The following was written by Ken Morris, with contributions by Roxanne Salinas. Our sincere thanks to them both for allowing us to use this on our website.
In 1665, The King of France, Louis the 14th, sent the first of several shipments of horses, approximately 80 in total, to Canada. Intended as gifts to nobles and clergy, they were among the best from his stables. In them, the blood of royal horses combined with France’s working breeds. They were elegant and brave, but also rugged enough to survive in a challenging environment. For the next two centuries, these horses bred prolifically with no influence from any outside breeds. The result is a genetically unique breed of horse and one of just three to originate in Canada.
The Canadian Horse, or Le Cheval Canadien, may have had royal blood, but he quickly became a horse of the people. His compact, muscular body, thick winter coat, rock-hard feet, and willing attitude served him well. He could outwork much bigger horses, pull a sleigh 60 or even 80 miles in a day over snow and ice, and live on “almost anything, or almost nothing.”
The Canadian Horse’s Baroque ancestry shows in his powerful build and aptitude for collected movements, making him well suited to classical dressage. The same surefootedness and confidence that make Canadians great horses in the bush and mountains, also make them natural jumpers. Whether it’s competing in the dressage ring or cross-country course, marching in a parade, or leading a trail ride Canadian Horses enjoy going to new places and doing new things. They are intensely curious and want to investigate everything. It’s said that “If you’re out mending fence, the Canadian Horse will be handing you the tools.”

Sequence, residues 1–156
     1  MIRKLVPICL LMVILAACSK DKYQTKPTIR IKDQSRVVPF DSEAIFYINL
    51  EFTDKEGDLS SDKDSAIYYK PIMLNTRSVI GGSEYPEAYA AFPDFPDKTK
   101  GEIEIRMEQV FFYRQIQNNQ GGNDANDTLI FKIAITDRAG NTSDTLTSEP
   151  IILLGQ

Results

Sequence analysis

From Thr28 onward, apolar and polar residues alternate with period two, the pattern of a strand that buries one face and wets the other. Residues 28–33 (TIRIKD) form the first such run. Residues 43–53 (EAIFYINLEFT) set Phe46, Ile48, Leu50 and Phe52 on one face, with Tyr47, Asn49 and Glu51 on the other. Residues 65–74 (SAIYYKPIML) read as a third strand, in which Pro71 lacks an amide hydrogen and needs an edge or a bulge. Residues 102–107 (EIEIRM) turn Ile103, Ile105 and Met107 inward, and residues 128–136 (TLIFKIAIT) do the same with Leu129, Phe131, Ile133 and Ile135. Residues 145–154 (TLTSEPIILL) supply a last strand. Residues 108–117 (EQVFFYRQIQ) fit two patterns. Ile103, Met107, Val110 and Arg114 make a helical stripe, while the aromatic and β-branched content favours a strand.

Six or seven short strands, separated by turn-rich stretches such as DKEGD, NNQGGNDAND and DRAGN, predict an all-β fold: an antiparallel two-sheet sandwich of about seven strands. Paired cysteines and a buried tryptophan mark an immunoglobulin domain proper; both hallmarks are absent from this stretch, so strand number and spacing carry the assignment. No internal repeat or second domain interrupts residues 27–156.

Although King Louis only sent a small number of horses, by the mid 1800s there were approximately 150,000 Canadians. Unfortunately, being brave, sure-footed, tough, and “easy-keepers," huge numbers were sent south to fight in the U.S. Civil War, never to return. Americans also took many high quality Canadian stallions south to improve their own breeds; some even ended up in the West Indies to work the sugar plantations. Exported for war, work, and crossbreeding, huge numbers of these horses were lost to the breed forever.
With numbers in decline, at the end of the 1800s, inspections were held and the Canadian Horse became one of only seven breeds in Canada to receive federal recognition. The government also provided the Canadian Horse Breeders with a 20 year lease on a breeding farm in Cap Rouge, QC for a centralized conservation program. Despite this support, by the 1970s only 400, or so, horses remained. The “Little Iron Horse” – the oldest horse breed in North America – was rare even in his native land and was hovering on the brink of extinction. On April 23, 2002, the Cheval Canadien was officially declared the “National Horse of Canada,” finally giving him the recognition he so richly deserves.
While the Canadian has been making a comeback, he’s not out of the woods yet. According to recent information, there remain only 5,000 - 6,000 horses (compare that to, as one example, 5 million quarter horses). Breeding stock, however, is likely closer to 1,500 and the number of new Canadian Horse registrations has dropped to less than 200 per year. This has put the breed “Critical” status once again. For more information, and links to the recent articles discussing the state of the breed, click here.
The Canadian's legendary toughness earned him the nickname Petit Cheval de Fer, or "Little Iron Horse."
The Canadian Horse is the oldest horse breed in North America.
Canadians are smart, naturally curious, and versatile. They are known to be easy keepers with great feet.
The Canadian is foundation stock for the Morgan, Standardbred, and other popular horse breeds.